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  • Written Speech

    January 14th, 2017
    communication, writing  [html]
    Some kinds of writing are formal and strongly considered, the product of a careful revising and editing process. Other kinds are casual and off-the-cuff. In response to recent controversial articles I've seen people suggesting that we treat all writing as being formal, and that people should restrict informal communication to speech. [1] I think this would be harmful, and both kinds of writing serve important roles.

    One thing I really like about the EA community is that we can build ideas collaboratively over large distances, where many of us have never met in person. This works in part because we have public venues where people can write the way they would speak at a meetup. You try to make yourself understood to the people you're talking to, mostly talking in the moment as opposed to taking time out to research and reflect.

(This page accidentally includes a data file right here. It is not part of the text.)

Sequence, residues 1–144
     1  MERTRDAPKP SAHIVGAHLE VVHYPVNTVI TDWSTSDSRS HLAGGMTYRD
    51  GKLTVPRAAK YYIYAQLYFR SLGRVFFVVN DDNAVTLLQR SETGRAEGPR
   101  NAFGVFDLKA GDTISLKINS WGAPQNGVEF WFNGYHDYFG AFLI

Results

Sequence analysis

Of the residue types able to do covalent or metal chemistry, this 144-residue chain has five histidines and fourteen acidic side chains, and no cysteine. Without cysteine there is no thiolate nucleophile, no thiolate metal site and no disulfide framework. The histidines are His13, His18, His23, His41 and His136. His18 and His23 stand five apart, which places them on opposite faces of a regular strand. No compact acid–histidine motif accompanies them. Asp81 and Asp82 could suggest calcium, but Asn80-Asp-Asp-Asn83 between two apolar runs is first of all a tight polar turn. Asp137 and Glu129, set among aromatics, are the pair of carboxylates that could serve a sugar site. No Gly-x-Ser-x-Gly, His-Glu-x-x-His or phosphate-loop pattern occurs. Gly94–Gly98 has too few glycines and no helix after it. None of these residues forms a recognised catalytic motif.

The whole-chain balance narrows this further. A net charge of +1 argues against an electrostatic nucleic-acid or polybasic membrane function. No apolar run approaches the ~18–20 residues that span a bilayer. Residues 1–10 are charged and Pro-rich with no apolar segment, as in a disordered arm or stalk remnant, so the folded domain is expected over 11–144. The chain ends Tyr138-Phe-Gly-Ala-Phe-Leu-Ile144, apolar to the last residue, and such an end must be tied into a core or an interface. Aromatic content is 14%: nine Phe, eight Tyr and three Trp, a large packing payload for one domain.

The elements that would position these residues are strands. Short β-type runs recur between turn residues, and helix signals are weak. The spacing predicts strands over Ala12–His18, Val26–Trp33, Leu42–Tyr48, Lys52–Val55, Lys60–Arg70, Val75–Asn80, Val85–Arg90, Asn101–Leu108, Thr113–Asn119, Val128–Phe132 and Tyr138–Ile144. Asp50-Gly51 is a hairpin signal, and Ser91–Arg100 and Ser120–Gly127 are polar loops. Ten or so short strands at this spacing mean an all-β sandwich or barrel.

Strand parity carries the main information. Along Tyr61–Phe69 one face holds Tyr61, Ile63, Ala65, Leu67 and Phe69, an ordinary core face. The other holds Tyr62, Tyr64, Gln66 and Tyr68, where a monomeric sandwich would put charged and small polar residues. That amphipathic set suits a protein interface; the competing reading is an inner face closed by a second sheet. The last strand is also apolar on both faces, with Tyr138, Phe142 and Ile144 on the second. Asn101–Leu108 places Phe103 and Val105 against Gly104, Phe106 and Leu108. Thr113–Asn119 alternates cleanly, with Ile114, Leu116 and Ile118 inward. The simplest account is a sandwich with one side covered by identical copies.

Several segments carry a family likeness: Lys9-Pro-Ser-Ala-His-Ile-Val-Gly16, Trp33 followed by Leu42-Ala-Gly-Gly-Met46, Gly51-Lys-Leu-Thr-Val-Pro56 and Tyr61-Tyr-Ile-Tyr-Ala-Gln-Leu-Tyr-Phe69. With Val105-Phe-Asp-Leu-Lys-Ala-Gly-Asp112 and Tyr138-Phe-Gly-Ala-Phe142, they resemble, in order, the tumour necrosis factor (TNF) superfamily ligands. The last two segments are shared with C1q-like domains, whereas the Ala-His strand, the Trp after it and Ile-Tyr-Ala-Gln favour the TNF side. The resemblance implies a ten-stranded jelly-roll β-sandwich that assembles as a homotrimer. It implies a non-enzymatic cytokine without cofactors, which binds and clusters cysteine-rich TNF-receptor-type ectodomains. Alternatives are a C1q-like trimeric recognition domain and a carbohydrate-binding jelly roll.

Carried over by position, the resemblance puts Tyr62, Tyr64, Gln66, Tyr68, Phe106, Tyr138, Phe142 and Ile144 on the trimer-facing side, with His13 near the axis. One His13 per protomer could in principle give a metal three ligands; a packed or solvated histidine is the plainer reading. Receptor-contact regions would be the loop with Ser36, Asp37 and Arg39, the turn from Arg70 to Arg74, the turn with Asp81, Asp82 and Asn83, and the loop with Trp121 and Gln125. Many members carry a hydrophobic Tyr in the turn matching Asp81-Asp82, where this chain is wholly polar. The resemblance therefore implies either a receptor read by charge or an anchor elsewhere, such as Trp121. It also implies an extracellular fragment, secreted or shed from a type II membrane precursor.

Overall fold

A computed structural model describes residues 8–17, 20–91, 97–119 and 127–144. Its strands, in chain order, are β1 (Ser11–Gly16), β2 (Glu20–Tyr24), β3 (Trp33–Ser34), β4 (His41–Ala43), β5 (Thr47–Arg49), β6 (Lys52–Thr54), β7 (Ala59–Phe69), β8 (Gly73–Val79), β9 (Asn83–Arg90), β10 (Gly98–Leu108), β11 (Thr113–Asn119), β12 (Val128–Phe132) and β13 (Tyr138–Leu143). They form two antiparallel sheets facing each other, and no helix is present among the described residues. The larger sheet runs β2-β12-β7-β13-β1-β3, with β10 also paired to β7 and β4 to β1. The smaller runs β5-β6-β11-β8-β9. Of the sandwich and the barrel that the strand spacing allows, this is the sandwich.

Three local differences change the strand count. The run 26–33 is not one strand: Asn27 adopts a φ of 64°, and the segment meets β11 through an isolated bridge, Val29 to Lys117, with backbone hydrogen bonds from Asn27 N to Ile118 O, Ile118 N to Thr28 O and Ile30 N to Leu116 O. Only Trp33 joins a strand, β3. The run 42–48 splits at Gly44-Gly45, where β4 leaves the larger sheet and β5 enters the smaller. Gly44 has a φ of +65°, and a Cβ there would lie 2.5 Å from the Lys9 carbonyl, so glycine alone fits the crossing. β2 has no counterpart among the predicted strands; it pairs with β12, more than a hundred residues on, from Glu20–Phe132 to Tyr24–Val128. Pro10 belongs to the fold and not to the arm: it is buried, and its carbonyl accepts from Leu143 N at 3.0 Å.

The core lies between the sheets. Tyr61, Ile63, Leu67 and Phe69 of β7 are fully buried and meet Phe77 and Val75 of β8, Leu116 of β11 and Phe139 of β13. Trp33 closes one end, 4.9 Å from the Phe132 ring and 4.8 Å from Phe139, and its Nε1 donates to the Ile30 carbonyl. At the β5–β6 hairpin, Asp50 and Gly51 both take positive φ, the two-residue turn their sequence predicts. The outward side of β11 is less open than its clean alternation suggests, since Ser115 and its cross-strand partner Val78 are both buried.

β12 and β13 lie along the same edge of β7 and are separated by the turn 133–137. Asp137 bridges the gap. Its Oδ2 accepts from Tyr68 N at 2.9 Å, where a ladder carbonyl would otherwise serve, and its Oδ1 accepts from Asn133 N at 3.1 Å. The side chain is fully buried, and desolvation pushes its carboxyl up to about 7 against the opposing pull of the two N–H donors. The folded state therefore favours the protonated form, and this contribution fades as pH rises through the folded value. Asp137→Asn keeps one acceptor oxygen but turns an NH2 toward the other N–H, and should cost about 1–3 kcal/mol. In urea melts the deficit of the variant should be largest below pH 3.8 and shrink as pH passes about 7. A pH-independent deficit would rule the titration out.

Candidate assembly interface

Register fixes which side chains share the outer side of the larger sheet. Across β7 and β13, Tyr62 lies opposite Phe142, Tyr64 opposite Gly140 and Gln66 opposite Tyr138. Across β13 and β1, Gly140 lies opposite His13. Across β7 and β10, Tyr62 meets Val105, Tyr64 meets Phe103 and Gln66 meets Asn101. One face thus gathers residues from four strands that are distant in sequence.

As ideas become more developed it's also good to have formal venues, like papers, blog posts, [2] and conference talks, where people can carefully put together the strongest version of their thoughts for wide distribution and careful consideration by others.

    This is another aspect of being responsible about transparency. If writing in casual public discussion gets you jumped on, that pushes that kind of discussion toward private venues. The benefits a community where people everywhere can freely participate are very high.

    (Disagreeing with people is still fine. Mostly it's just important to avoid escalating without good reason. Perhaps you misunderstood, or they weren't thinking clearly or something. In generally, the right response to a fb comment making a bad claim is another comment countering it.)


    [1] See also: Jessica Livingston's The Sound of Silence.

    [2] Blog posts are also tricky because different blogs vary enormously in their level of formaility. Additionally blogging as a whole has gotten a lot more formal over time: compare the early GiveWell blog posts (2006) to their more recent ones (2016). Same with Google: 2004 vs now. I'm wondering if there might be a general process where existing forums become progressively more formal, and new ones open up to hold informal stuff? Another data point here is activity in LessWrong moving from main to discussion to open threads. RFCs as well; compare the first RFC to the most recent one.

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